All of our classes incorporate project-based pedagogy to give our students the opportunity to develop knowledge and skills by asking real-world problems. Students actively learn and gain a deeper understanding of the material through solving authentic, curriculum-based, and interdisciplinary problems. Project-based learning builds and supports the 21st-century skills necessary for our students to develop and thrive in today’s world.
Project-based does not replace the academic knowledge that students learn, rather it is a question of how we teach that academic knowledge. Students don’t learn best through memorization, they learn by doing and by exploring the world through the questions they ask.
Students learn how concepts are applied in the real world by applying classroom knowledge to real-world issues.
Encourages students to think critically, communicate effectively, and work collaboratively
The projects students undertake are fueled by what they find interesting and the questions that ask. This encourages them to continue asking questions.
PBL is different from regular class learning or doing projects.
Project-based learning at the FAA is more than just students doing a project. The project contains and frames curriculum and instruction. Teachers support students in learning important knowledge and skills through the work of a project. PBL encourages students to use higher-order thinking skills instead of just remembering the information.
To effectively support students in PBL, we create an effective learning environment.
We promote a classroom culture of creativity and engagement where students propose solutions to problems, communicate their ideas, debate the ideas of others, collaborate with others, and work independently. Students are also motivated by engaging in meaningful projects where they decide how to approach a problem and derive their solutions. Students also reflect on the processes they use to create and complete their projects.
The main goal of our play-based curriculum is to learn while playing. Play-based learning is child-centered and focuses on children’s academic, social and emotional development. We take into account children’s interests and abilities through engaging and structured learning environments. Play-based learning allows preschoolers to develop problem-solving, critical, and creativity skills. Play-based learning also integrates inquiry-based learning as students are encouraged to use their curiosity to explore and discover.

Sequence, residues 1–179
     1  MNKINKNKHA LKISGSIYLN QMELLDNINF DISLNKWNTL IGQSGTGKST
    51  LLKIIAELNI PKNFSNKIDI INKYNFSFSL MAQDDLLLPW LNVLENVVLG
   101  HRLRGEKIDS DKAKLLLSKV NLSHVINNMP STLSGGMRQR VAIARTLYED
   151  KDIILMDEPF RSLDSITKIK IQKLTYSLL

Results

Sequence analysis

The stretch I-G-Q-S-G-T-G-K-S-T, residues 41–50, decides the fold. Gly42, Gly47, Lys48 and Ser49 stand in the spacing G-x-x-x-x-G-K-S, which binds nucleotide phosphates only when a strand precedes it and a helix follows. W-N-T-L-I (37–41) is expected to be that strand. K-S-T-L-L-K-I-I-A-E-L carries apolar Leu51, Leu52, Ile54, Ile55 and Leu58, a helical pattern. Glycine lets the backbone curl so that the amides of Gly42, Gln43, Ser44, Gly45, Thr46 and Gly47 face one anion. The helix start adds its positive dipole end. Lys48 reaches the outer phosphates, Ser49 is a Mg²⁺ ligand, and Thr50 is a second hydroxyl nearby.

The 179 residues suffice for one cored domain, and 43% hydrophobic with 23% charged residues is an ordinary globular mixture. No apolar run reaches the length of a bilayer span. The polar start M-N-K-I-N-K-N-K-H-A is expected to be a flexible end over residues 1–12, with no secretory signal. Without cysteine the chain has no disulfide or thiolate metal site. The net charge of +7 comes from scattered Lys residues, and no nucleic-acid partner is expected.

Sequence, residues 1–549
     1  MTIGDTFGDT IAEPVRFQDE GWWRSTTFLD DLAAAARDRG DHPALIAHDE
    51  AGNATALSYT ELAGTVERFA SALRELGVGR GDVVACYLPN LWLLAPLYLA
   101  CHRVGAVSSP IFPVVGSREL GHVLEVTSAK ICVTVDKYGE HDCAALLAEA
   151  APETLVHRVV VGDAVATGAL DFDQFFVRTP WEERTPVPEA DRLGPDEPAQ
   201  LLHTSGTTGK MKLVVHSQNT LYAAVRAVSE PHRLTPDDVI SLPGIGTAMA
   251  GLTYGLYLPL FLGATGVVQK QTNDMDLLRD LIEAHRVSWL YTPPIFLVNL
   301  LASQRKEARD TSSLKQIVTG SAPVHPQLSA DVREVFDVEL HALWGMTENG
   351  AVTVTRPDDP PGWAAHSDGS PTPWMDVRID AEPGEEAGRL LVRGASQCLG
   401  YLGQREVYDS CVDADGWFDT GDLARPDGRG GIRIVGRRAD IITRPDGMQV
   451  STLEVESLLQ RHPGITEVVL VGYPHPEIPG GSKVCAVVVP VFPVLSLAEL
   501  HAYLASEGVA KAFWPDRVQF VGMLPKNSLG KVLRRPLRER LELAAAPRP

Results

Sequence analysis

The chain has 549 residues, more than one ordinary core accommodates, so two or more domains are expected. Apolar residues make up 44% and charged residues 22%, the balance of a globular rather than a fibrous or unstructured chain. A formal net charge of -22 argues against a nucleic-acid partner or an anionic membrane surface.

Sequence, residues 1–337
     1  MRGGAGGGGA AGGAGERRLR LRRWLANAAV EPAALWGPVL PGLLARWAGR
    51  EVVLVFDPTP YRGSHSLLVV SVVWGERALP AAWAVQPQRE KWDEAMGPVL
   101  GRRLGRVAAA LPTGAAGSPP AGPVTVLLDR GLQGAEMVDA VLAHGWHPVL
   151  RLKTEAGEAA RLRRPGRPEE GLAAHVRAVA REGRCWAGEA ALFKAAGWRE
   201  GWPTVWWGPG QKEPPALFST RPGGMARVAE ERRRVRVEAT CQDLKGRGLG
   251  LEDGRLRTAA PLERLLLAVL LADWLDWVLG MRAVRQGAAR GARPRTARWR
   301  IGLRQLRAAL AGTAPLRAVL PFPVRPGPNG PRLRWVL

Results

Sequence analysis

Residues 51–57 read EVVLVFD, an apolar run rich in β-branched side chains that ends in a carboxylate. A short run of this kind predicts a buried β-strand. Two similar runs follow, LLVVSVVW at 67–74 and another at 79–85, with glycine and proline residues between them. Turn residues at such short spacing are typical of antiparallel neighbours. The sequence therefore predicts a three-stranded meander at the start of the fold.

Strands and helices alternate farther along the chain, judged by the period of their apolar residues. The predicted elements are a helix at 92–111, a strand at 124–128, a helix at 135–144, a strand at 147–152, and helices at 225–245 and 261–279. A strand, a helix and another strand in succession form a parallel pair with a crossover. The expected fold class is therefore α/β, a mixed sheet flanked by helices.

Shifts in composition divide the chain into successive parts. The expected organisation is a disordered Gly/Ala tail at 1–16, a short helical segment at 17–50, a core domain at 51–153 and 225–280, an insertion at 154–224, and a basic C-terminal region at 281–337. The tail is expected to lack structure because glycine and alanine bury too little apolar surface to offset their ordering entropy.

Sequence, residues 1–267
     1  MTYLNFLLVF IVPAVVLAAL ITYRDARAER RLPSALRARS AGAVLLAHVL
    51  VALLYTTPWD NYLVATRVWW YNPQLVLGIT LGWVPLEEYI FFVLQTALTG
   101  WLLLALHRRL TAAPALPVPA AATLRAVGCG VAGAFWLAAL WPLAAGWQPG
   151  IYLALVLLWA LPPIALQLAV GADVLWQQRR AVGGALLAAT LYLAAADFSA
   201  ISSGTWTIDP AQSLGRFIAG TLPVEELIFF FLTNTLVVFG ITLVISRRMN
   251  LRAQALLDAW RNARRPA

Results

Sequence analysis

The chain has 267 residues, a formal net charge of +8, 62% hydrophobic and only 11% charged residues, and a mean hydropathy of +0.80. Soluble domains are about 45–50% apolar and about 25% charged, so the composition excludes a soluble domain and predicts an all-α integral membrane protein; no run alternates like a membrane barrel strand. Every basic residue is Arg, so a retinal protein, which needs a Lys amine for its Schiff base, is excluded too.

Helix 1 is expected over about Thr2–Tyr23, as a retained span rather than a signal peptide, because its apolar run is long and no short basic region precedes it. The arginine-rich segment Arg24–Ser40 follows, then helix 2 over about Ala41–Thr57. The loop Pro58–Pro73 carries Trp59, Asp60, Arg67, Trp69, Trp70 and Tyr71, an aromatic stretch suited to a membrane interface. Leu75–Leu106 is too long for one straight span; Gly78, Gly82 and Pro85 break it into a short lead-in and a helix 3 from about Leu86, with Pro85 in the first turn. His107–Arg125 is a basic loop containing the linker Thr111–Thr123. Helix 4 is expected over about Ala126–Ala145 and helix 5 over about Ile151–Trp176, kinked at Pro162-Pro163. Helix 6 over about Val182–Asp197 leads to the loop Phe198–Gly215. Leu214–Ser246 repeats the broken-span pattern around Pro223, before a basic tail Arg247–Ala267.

We support a project-based learning approach outside the classrooms to provide students with a well-rounded, interdisciplinary education. Trips, activities, and special projects incorporate project-based learning components.
In a project-based learning environment, students learn the required information through actively engaging with the material and applying it to real-world tasks and challenges. This may involve conducting research, gathering and analyzing data, and solving problems. The teacher serves as a facilitator, guiding students as they work through the project and providing support and resources as needed
Project-based learning is an effective teaching approach for young children because it allows them to engage in hands-on, real-world experiences that are relevant and meaningful to them. This can be especially valuable in preschool, as young children are naturally curious and enjoy exploring their environment through play and experimentation.
Project-based learning also develops important skills in young children, such as critical thinking, problem-solving, and collaboration. These skills are essential for success in school and in life and can be fostered through engaging, hands-on projects that allow children to apply their learning to authentic tasks and challenges.